Endectocides for malaria control

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NIH Public Access Author Manuscript Trends Parasitol. Author manuscript; available in PMC 2012 October 1.

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Published in final edited form as: Trends Parasitol. 2011 October ; 27(10): 423–428. doi:10.1016/j.pt.2011.05.007.

Endectocides for malaria control Brian D. Foya,*, Kevin C. Kobylinskia, Ines Marques da Silvaa, Jason L. Rasgonb, and Massamba Syllaa aArthropod-borne and Infectious Diseases Laboratory, Department of Microbiology, Immunology & Pathology, Colorado State University, Fort Collins, Colorado, USA 80523-1692 bThe

W. Harry Feinstone Department of Molecular Microbiology and Immunology, Bloomberg School of Public Health, Johns Hopkins University, Baltimore, Maryland 21205; The Johns Hopkins Malaria Research Institute, Baltimore, Maryland, USA 21205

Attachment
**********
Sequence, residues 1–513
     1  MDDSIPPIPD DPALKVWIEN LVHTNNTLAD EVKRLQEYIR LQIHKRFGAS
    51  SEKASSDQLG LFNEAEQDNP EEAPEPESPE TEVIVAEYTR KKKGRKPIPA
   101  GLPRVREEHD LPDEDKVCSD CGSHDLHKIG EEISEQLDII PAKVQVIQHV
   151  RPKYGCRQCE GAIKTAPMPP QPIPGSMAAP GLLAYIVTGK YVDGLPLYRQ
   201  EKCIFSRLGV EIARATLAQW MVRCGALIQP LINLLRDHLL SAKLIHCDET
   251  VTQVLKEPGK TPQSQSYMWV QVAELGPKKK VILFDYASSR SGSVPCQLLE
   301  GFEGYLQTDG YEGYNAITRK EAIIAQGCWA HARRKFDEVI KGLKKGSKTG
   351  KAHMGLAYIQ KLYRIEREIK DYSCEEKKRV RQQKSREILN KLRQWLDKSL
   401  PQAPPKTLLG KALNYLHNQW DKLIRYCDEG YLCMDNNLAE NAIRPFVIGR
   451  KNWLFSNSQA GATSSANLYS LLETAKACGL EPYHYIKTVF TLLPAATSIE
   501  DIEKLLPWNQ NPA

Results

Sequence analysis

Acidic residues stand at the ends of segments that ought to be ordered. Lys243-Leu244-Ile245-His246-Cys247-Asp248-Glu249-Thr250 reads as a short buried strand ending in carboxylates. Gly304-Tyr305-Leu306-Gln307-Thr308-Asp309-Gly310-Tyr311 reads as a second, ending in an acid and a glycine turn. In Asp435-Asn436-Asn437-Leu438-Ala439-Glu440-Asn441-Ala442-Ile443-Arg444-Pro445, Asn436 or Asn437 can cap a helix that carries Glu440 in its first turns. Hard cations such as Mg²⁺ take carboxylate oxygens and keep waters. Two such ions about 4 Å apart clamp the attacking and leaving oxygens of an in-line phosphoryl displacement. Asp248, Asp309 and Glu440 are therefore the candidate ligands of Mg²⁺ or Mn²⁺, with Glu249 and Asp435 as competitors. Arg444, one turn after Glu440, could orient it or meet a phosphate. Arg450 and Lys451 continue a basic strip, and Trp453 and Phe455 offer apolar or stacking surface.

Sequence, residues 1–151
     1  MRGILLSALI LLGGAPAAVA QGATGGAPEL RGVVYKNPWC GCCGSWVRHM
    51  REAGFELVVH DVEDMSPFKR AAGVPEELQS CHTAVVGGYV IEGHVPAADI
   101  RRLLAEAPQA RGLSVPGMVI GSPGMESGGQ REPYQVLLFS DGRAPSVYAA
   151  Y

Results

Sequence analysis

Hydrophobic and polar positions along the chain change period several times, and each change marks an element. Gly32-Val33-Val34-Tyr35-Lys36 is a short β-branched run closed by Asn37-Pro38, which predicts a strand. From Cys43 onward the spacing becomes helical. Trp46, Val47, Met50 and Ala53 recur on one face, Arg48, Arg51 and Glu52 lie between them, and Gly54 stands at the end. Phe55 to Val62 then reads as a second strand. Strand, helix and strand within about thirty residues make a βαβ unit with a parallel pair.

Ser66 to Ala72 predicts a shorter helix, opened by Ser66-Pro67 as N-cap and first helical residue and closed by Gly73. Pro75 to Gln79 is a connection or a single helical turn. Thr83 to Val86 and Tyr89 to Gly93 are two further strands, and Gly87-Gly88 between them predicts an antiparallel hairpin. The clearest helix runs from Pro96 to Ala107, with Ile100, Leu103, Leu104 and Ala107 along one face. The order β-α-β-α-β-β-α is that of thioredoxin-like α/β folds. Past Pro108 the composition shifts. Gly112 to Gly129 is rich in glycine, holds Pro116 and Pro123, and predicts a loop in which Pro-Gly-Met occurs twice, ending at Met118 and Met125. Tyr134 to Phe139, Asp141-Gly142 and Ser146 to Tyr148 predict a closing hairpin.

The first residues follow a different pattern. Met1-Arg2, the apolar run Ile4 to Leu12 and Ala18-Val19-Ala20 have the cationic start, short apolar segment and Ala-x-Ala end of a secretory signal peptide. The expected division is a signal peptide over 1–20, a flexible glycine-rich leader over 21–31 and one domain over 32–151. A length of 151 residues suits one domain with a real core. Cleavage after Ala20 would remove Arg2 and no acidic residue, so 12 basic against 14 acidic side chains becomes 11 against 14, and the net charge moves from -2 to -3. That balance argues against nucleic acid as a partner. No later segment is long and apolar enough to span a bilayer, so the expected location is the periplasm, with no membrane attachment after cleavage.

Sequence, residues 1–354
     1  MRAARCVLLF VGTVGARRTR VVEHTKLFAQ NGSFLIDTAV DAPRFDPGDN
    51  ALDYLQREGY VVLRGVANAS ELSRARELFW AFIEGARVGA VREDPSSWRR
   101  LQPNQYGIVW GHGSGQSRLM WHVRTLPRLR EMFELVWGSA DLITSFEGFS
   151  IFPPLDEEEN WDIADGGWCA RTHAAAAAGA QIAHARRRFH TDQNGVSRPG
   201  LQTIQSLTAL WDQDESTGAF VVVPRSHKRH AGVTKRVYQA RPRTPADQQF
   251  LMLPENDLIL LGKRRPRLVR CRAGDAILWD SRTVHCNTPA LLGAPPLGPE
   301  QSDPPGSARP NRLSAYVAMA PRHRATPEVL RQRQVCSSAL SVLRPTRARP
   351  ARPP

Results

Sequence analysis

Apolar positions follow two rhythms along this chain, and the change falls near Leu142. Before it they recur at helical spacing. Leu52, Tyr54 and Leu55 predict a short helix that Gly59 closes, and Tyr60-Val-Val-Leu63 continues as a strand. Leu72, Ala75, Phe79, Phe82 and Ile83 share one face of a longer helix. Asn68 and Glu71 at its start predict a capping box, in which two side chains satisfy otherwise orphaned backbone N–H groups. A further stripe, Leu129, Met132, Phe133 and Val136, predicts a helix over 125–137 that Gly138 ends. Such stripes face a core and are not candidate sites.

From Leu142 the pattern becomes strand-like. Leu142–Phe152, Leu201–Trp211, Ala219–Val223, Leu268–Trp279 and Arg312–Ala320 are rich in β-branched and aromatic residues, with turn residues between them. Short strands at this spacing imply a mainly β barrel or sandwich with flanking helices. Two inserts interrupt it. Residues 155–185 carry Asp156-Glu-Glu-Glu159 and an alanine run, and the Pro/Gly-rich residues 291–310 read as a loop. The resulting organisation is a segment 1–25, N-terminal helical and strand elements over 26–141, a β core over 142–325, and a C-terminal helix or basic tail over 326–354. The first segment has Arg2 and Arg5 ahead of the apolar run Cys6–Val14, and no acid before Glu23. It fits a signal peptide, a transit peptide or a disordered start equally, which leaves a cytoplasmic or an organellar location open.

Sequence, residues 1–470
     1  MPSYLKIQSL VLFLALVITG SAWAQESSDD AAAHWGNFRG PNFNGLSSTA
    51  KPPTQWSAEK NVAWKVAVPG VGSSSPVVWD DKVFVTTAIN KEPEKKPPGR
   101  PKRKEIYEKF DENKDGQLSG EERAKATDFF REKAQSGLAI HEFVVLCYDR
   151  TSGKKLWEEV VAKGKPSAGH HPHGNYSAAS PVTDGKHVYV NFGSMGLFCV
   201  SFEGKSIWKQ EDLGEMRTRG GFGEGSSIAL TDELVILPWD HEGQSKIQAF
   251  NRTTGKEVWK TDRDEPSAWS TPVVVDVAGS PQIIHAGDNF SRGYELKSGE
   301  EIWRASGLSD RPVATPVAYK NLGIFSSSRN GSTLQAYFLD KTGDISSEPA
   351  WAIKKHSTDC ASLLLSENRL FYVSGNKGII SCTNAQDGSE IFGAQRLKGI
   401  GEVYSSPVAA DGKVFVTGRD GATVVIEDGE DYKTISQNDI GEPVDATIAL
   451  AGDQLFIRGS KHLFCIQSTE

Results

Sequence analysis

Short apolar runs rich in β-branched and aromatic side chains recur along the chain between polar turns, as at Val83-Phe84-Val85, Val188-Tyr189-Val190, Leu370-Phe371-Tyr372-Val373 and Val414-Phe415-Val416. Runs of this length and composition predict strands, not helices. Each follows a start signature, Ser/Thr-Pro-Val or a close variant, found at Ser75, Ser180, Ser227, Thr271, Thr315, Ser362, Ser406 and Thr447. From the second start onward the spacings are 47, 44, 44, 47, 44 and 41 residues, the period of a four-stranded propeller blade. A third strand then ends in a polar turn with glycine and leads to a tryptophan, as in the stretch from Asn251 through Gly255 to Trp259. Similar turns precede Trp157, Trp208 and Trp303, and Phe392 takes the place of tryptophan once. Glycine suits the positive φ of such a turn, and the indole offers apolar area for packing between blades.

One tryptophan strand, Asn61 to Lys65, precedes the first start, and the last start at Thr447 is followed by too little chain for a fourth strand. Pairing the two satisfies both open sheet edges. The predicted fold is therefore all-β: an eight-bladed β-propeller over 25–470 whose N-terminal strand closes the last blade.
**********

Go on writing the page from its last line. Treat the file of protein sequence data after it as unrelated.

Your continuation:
Abstract NIH-PA Author Manuscript

Systemic endectocidal drugs, used to control nematodes in humans and other vertebrates, can be toxic to Anopheles spp. mosquitoes when they take a blood meal from a host that has recently received one of these drugs. Recent laboratory and field studies have highlighted the potential of ivermectin to control malaria parasite transmission if this drug is distributed strategically and more often. There are important theoretical benefits to this strategy, as well as caveats. A better understanding of drug effects against vectors and malaria ecologies are needed. In the near future, ivermectin and other endectocides could serve as potent and novel malaria transmission control tools that are directly linked to the control of neglected tropical diseases in the same communities.

The birth of endectocides